The Saudis were receptive to what she presented, Elliott said, and she has been contacted by some of the attendees since she has returned home. Mentoring of new leaders by experienced leaders is a concept being encouraged by the Academic Leadership Center, and Elliott has been asked by a Saudi administrator in enrollment to be her mentor. She is also working with another Saudi administrator to write an article for journal publication.
A packed schedule of presentations and travel did not leave much time for Elliott to sightsee during the trip, but she learned much about the Saudi culture through her experiences in the conferences and from the attendees.
A difference between Saudi and American is evident in the photos that Elliott brought back from the conference. Throughout their time in Saudia Arabia, Elliott and Fewkes dressed in hijab and abayas, the traditional long loose-fitting outer garment and head coverings required to be worn by all women, even in the 110-plus degree weather they experienced while there.
They also had to be accompanied by a male chaperone in public, Dr. Yasser Fallatah. He also coordinated their driver since women are not allowed to drive in Saudi Arabia, the only country in the world that does not permit the practice.
The prominence of the Islamic religion in the fabric of daily life in Saudi Arabia was evident during the presentations. Elliott said the attendees would refer to their religion often, saying, “Our prophet Mohammed.,. peace be upon him said …” in discussions of an issue.
The women were eager to talk about their beliefs with Elliott, telling her that Christianity and Islam share many of the same teachings about how to treat others. The Saudi women also wanted Elliott to know they were different than a common western perception that all Muslims are like the small minority of extremists.
The Saudis were warm and gracious people, Elliott said, and told her that they in turn, found Americans to be a warm and friendly people.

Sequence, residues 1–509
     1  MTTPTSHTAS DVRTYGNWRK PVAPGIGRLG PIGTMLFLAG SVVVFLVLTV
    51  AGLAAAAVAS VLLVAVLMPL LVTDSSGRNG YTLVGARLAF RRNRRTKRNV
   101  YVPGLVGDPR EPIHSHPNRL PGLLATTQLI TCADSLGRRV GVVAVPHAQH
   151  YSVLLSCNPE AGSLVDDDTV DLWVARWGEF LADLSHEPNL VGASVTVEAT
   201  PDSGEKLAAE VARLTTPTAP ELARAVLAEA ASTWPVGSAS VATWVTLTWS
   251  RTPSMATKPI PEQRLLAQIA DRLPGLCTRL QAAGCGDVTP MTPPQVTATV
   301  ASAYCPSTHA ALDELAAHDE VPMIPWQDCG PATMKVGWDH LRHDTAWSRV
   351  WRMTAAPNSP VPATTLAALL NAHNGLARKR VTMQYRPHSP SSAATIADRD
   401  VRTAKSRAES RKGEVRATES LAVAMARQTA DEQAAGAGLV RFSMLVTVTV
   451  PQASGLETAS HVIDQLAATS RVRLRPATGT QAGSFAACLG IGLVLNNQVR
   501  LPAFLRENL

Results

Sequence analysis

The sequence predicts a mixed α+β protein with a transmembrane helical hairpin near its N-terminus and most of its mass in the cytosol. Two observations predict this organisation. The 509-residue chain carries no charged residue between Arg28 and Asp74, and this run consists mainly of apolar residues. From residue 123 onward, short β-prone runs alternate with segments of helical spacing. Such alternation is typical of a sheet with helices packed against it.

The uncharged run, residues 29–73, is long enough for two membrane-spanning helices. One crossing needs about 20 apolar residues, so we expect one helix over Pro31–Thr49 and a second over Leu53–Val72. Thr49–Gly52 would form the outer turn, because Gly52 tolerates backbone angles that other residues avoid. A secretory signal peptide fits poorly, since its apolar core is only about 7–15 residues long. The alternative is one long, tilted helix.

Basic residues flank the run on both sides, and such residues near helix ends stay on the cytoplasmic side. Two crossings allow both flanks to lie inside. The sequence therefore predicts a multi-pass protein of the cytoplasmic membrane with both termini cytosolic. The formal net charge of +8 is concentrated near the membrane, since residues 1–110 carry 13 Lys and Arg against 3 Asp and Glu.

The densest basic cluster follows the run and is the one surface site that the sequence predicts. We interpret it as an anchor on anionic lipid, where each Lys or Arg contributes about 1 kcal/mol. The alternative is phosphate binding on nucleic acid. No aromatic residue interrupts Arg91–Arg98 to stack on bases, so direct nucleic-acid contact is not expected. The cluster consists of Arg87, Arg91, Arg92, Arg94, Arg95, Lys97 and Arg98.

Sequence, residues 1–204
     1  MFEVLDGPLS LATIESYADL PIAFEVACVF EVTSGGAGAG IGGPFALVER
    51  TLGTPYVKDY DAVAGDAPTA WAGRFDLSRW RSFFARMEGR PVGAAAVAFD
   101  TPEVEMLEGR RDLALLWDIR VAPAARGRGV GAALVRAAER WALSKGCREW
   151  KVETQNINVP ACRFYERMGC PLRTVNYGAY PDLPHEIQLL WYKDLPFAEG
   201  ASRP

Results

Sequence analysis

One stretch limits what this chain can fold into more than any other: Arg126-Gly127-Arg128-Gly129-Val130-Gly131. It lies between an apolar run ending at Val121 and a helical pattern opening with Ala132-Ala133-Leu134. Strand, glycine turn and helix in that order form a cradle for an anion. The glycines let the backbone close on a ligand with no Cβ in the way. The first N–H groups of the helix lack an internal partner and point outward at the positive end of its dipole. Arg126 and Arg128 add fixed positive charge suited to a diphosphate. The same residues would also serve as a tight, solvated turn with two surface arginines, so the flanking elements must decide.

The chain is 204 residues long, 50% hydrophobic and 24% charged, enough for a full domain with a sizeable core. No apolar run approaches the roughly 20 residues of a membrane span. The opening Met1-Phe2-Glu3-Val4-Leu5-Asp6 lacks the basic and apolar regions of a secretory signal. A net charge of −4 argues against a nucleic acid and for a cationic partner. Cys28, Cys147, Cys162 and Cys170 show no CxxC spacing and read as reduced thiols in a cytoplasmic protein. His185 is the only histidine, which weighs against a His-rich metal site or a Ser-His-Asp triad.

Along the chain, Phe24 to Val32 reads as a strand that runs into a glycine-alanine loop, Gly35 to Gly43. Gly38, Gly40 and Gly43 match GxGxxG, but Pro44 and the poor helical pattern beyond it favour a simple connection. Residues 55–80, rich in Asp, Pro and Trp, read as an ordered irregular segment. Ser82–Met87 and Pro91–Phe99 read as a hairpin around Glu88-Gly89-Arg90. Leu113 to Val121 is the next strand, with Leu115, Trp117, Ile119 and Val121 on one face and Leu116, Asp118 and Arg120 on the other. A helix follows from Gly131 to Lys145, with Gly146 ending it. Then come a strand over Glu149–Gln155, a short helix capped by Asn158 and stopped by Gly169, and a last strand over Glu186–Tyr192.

Elliott said she found Saudi Arabia to be a more conservative culture than the other Islamic countries she has visited in the past such at Turkey and Egypt. She noted that the city of Jeddah is considered to be “progressive ” in Saudi Arabia as women there are known to walk and exercise in public while wearing their traditional dress.
Saudi Arabia is also a country of varying geographical regions. She traveled from the seaside to the mountainous region around Taif, which is world famous for their roses.
During their trip, the presenters stayed in comfortable hotels, she said, and the “food was amazing.” There was much fresh fruit and vegetables and for breakfast, they were treated to honey still dripping from its honeycomb.
The comfortable accommodations were a plus in the busy days. The women’s days began at around 5:30 a.m. to eat breakfast and prepare for the day before leaving to travel to the conference site. The conferences lasted from 8:30 until around 2:30 p.m., when they took a break for lunch with the attendees. Around 3:30 p.m. they traveled back to the hotel to pack and then travel to the next destination. Elliott recalled that they would arrive at their next destination in later evening, and their hosts would take them out to see the town for a few hours.
With the tight schedule, there was some time to sightsee as they were able to visit the Taif Museum after-hours and visited the world’s largest fountain at Jeddah.